Bernie’s Role in the $2 Trillion Coronavirus Bill

How the Vermont Senator secured a victory for America’s struggling working class

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Photo by Joshua Sukoff on Unsplash

Accusations of ‘All Talk’

Sanders has, time and time again, been attacked by his colleagues for having ‘big talk, but no action.’ Even Senator Elizabeth Warren, who was reportedly close with Sanders until recently, has brought up this point.

Congressional Crisis

Sanders’ dealings with the coronavirus relief bill show all the hallmarks of the style we’ve come to expect from him — and also shows how critical his approach can be.

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From Long Shot to Longer Shot

Despite Sanders being front-and-center trying to deal with the coronavirus pandemic, it’s become clear that his shot at winning the Democratic nomination for President is much less likely than it was even a few weeks ago. Sanders’ base is made up of working-class people and youth, folks that normally wouldn’t take the time to vote because they don’t feel represented. These people are even less likely to vote by mail or risk voting in primaries that haven’t been cancelled already.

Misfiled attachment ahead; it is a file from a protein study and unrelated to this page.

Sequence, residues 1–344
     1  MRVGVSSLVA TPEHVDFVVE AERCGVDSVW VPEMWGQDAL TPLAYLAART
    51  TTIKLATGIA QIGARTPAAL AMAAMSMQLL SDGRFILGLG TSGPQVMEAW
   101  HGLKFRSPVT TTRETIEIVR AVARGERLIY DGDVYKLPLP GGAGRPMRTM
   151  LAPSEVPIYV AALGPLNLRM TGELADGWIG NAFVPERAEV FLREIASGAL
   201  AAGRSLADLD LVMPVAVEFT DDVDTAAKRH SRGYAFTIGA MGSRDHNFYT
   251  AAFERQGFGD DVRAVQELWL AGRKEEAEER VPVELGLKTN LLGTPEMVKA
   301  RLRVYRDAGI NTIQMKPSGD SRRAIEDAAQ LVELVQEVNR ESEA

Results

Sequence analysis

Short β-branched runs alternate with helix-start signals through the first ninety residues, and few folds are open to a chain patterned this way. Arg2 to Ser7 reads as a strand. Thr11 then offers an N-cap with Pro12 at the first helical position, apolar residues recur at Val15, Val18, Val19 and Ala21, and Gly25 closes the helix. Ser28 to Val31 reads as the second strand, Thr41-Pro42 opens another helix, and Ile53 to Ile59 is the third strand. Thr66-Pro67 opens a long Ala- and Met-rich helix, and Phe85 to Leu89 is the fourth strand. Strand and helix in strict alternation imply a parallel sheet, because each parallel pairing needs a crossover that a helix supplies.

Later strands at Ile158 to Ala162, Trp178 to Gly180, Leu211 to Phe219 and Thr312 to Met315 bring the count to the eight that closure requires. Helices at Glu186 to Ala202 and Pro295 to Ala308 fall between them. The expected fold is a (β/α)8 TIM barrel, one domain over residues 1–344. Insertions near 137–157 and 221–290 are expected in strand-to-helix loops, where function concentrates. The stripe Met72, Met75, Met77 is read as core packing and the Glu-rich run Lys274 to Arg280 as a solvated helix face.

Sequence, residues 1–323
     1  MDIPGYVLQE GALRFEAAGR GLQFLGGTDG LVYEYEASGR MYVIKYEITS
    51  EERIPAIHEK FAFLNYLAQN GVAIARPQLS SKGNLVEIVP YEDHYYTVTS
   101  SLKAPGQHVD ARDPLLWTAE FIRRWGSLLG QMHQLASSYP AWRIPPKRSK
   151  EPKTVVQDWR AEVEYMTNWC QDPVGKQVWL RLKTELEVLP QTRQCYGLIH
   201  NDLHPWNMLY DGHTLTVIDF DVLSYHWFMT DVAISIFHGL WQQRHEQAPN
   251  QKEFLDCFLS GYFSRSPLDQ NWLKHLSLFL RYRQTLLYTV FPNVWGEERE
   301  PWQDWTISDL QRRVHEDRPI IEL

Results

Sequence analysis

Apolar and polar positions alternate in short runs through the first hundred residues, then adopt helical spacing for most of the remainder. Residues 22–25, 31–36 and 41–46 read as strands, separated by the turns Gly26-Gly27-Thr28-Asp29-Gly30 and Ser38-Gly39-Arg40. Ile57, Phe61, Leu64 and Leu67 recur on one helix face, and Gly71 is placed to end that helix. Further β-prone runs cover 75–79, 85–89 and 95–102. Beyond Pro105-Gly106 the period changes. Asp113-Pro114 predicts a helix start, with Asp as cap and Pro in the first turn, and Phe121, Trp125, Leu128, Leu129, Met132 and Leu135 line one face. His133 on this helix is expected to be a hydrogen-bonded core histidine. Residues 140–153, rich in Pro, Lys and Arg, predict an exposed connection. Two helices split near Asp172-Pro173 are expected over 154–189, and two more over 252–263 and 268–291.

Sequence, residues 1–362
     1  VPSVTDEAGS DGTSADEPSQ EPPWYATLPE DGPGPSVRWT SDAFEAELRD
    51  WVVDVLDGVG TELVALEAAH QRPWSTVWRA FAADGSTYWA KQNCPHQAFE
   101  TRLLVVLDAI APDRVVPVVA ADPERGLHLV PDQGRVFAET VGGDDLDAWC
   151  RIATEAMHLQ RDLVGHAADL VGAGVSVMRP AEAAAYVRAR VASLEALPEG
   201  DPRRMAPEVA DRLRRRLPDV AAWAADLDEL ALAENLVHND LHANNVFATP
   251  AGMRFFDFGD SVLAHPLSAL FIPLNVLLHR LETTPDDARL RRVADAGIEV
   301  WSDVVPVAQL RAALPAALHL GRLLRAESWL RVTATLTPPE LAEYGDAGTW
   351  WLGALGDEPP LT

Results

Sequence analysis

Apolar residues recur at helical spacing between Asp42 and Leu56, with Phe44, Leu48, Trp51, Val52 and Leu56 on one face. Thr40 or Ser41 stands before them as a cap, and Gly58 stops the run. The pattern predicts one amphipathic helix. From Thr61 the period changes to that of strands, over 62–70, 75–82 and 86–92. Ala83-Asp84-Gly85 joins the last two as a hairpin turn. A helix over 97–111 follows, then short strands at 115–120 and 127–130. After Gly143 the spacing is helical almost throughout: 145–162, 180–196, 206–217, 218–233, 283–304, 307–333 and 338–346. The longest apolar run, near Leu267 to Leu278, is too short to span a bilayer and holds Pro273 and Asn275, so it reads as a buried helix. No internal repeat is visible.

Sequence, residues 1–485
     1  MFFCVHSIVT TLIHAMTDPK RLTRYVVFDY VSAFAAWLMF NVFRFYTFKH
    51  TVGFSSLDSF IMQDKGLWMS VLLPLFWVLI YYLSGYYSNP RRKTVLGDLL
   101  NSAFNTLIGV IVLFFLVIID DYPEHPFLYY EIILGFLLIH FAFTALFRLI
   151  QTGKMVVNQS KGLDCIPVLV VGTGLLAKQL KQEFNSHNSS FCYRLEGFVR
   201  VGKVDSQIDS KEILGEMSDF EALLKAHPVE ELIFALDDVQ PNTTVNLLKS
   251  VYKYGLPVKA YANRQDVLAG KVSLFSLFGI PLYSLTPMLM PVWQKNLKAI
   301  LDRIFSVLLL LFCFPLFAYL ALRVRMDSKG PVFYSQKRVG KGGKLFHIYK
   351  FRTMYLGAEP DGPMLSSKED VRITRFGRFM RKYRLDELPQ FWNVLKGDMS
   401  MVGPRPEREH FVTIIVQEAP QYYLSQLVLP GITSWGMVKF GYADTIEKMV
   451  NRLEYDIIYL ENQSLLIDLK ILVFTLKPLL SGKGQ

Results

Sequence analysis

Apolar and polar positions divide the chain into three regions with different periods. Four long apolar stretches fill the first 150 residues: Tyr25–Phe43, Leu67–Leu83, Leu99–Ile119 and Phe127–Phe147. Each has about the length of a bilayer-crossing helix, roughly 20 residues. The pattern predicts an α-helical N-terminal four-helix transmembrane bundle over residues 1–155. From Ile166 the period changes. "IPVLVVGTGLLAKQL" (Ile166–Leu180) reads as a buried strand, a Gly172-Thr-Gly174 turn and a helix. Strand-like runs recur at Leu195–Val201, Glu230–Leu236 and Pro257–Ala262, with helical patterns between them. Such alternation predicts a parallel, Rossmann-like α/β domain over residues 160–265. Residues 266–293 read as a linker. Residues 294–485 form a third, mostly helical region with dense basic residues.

“You have to stop with this. I’m dealing with a f*cking global crisis. You know? We’re dealing with it and you’re asking me these questions. Right now I’m trying to do my best to make sure that we don’t have an economic meltdown and that people don’t die. Is that enough to you? To keep you busy for today?” (source)

Sanders’ quick turnaround in this crisis, his broad pro-worker coronavirus plan, and his refusal to allow carveouts to hurt the most vulnerable Americans, shows the kind of leadership America needs.

Writer. Leftie nobody.

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